When our babies begin to experience separation anxiety, times of separation can become difficult. This could be when they cry and don’t want to be left in a room alone at bedtime, when we get a babysitter and they’re upset that we’re leaving them or when we drop them at daycare and it is heart wrenching for everyone. For Part 1, we’ll address daytime separations such as drop-off at school or daycare.
When my daughter first started having trouble with drop-offs, it seemed that the expectation was to let the caregiver rip the crying child from your arms and let the child calm down after you leave. Perhaps for children with more easygoing temperaments, this would work, but for my daughter, it did not. It caused her to associate these separations and drop-offs with MORE anxiety the next time! That is certainly not what I was going for. I wanted her to feel increasingly comfortable in the care of others.
I had an AHA! moment when I discovered Dr. Deborah MacNamara’s strategies for saying goodbye. She and Dr. Gordon Neufeld talk a lot about the importance of attachment for times of separation. Instead of forcing a child to focus on the separation, you can, alternatively, put emphasis on your connection in order to reassure your child. Their emotional connection to you provides them with security and, when they are away from you, they can be taught to hold on emotionally.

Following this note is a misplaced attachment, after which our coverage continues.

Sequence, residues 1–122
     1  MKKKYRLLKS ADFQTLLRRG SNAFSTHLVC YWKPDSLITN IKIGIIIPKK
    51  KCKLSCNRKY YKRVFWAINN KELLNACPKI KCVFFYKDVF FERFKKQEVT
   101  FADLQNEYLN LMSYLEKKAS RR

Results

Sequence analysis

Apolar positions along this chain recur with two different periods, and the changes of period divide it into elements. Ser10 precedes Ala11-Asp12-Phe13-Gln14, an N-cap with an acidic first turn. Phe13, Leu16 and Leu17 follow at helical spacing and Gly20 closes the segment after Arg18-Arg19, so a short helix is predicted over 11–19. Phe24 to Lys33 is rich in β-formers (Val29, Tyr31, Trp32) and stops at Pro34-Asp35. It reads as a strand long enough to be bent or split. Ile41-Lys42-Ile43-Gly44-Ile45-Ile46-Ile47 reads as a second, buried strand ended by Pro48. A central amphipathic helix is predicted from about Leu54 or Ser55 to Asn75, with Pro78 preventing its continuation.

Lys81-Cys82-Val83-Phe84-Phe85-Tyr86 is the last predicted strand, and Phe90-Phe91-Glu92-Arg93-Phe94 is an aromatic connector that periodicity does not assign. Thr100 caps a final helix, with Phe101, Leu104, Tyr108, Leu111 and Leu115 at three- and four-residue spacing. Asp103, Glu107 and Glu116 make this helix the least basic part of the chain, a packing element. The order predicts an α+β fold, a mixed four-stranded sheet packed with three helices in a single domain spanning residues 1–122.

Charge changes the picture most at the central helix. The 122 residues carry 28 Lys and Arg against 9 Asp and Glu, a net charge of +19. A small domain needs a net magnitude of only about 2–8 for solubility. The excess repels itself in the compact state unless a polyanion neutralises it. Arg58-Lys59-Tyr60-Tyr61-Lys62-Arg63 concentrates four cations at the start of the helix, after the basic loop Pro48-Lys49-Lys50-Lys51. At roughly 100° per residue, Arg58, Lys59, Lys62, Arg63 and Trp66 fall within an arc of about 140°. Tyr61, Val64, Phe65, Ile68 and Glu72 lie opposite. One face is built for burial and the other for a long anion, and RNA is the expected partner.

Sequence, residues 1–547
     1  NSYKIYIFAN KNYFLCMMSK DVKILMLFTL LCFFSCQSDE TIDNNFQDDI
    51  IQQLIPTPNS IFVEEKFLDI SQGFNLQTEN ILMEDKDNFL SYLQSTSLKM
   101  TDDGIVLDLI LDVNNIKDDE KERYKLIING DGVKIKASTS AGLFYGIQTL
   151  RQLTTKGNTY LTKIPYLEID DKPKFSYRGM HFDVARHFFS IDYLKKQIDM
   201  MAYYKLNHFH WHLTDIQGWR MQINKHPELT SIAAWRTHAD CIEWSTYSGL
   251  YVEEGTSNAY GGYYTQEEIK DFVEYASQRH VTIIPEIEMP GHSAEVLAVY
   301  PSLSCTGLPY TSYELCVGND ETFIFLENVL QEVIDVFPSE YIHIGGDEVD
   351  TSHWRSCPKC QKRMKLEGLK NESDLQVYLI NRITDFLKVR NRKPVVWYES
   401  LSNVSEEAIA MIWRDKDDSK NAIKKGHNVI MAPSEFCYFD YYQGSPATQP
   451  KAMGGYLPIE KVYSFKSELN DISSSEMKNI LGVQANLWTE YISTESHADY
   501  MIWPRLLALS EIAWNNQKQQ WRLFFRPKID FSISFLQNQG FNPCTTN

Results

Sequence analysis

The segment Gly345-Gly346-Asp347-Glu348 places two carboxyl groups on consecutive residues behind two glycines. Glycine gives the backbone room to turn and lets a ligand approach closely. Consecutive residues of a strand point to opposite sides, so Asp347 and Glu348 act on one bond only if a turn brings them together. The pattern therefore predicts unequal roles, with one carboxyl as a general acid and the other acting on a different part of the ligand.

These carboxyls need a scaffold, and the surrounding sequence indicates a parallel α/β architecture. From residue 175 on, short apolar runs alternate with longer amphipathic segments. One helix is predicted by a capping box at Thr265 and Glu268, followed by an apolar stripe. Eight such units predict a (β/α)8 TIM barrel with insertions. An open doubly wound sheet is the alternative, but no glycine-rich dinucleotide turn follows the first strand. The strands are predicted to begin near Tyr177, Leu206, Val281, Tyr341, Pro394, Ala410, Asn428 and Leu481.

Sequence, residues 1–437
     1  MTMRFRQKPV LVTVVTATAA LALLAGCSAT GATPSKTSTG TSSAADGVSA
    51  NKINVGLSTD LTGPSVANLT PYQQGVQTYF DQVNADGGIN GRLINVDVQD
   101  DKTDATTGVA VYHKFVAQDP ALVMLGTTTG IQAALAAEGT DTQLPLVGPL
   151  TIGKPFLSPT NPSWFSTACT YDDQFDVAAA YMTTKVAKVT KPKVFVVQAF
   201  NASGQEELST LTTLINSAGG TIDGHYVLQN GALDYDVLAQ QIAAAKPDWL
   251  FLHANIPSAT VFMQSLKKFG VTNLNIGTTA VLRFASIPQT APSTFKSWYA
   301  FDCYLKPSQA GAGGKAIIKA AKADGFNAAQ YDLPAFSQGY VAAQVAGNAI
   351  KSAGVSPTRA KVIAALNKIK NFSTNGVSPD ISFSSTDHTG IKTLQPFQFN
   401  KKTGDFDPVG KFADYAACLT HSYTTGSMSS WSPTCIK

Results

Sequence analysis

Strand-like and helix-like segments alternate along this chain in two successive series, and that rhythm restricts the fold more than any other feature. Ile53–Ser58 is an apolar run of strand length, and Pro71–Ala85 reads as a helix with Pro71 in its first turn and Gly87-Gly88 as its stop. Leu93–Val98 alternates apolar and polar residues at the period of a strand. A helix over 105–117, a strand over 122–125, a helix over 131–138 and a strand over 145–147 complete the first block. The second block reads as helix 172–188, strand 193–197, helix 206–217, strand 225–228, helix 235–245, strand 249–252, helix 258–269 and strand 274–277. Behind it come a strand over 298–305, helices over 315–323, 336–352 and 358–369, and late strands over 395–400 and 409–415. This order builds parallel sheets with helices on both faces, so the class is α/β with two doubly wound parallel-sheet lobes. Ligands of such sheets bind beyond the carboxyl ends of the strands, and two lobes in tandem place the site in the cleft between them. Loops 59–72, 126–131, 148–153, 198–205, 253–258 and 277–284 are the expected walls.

Dr. MacNamara suggests that we can help our children separate from us by:
Making sure they are cared for by people they are attached to
Drawing attention to the next point of connection instead of the separation
Giving them something to hold onto that represents our connection
In her infographic, Dr. MacNamara provides 20 examples of strategies you can use to help your child with daytime separation, including: giving your child an item to hold onto that will remind them of you, telling them about something fun you will do together when you pick them up, sending a family photo that can be put up at school or daycare, putting a note in their pocket or lunchbox, blowing kisses into their pockets and telling them the kisses will be there in case they miss you...and much more! You can even come up with your own ideas. The goal is to talk to your child about the emotional connection you share, your presence with them during the day, how you are connected to them when apart, and what they have to look forward to when you pick them up!
So as you prepare for new daytime separations this fall, think ahead about ways to make your connection tangible for your child. Print a family photo, cut out a paper heart they can take with them, make some matching bracelets or think up some fun after school/daycare activities.
I’m guilty of preparing one strategy and then, if it doesn’t work, feeling defeated and not being able to think of another strategy on the spot! This fall, I plan to be prepared with more than 1 strategy for bridging to the next connection. Even if separation is hard, and it probably will be, I’ll be equipped with many strategies to reassure my daughter and help us hold on while apart. After using these strategies over a period of time, I know that she will become increasingly comfortable, because we’re focusing on making our connection stronger, even when we’re apart.
Photo: Tatiana Syrikova
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